Profitability is a sensitive subject in workers’ compensation. That is because, with a smattering of exceptions, workers’ compensation is mandated. As heavily-regulated social insurance, its profitability cycles have often been compared to roller coasters — and for good reason.
For a fresh look at workers’ compensation underwriting cycles and their historic causes, check out Workers’ Compensation Insurance Industry Underwriting Results in 2011 (which is also posted at the bottom of this blog). Published in the Workers’ Compensation Resources Research Report, its author, John F. Burton, Jr., graciously shared his December 2012 article with me prior to its release.
Burton is not an actuary, but an economist and retired professor and CompLand’s senior researcher. As the head of the only National Commission on State Workmen’s Compensation Laws, which stemmed from the Occupational Safety and Health Act in the early 1970s, the depth and degree of his influence on workers’ comp cannot be overstated.
Ultimately, Burton takes readers through underwriting figures galore since 1973. He begins by reporting that the overall operating ratio – the most comprehensive measure of insurer profitability because it includes investment income – went up from 96.7 in 2010 to 99.8 in 2011. This reflects a downward profitability trend for the past several years and partially explains why employers are seeing premium increases.
Using A.M. Best figures, Burton’s article is a veritable time machine,
unfolding the drama of the workers’ compensation underwriting cycle.
An overall operating ratio more than 100 means insurers are losing money even with investment income while an overall operating ratio that is less than 100 means insurers are profitable. “The overall operating ratio of 99.8 in 2011 means that workers’ compensation insurers made $0.20 of profit per $100 of premiums that year,” Burton said.
Using A.M. Best figures, Burton’s article is a veritable time machine, unfolding the drama of the workers’ compensation underwriting cycle. Insurers have gains and losses and employers’ pay more or less through a parade of political efforts intensifying the twist.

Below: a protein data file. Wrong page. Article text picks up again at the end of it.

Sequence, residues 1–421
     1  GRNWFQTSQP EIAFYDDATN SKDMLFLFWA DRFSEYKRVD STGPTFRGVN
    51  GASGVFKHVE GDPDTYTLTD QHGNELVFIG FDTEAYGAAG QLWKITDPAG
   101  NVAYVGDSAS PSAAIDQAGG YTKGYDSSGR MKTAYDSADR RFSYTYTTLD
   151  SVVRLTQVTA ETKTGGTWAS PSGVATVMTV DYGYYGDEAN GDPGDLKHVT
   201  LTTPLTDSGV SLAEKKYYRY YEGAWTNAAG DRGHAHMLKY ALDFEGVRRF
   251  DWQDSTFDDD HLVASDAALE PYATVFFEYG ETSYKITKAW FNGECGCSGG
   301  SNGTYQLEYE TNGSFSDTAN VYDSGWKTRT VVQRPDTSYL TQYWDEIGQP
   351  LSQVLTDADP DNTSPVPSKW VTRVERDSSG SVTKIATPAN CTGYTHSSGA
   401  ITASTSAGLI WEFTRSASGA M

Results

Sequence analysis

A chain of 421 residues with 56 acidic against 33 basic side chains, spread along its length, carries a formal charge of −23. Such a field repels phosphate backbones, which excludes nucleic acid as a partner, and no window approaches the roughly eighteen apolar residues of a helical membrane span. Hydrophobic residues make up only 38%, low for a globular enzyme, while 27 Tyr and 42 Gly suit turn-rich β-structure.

Note that Burton is not using figures from the National Council on Compensation Insurance, Inc. (NCCI), which is the go-to organization for underwriting information in workers’ comp. NCCI tends to stress the combined ratio as a measure of the comp underwriting experience. To Burton, however, the combined ratio alone “represents an incomplete and potentially misleading record” of insurer profitability because it does not include investment income, which averaged almost 15 percent of premium in the seven years from 2005 to 2011.
He insists that he does not want to suggest that $.20 per $100 of premium is an adequate return for workers’ comp insurers. At the same time, he writes,” focusing on the overall operating ratio – and not the combined ratio after dividends — should be the starting point for assessing the profitability of the workers’ compensation insurance industry.”
Maybe so, but how can I resist comparing A.M. Best’s figures with NCCI’s? I’ll post my findings in a future blog after I visit with a couple comp actuaries!
Burton’s piece rightly offers that profitability from investment is an important contributor to overall profitability. He reviews each piece of the overall operating ratio for workers’ compensation and throws in comparisons with other major property/casualty lines.
After demonstrating the true profitability picture, he tries to persuade the reader that there is “little justification” for cutting benefits or tightening compensability now since benefits paid to workers as a percent of payroll have been stable since 2006. This is unlike the period from 1982 to 1992, when the workers’ comp insurance industry saw adverse underwriting results and benefits increases were on the rise.
This of course raises the issues of narrowing compensaibility, which is fodder for another day.
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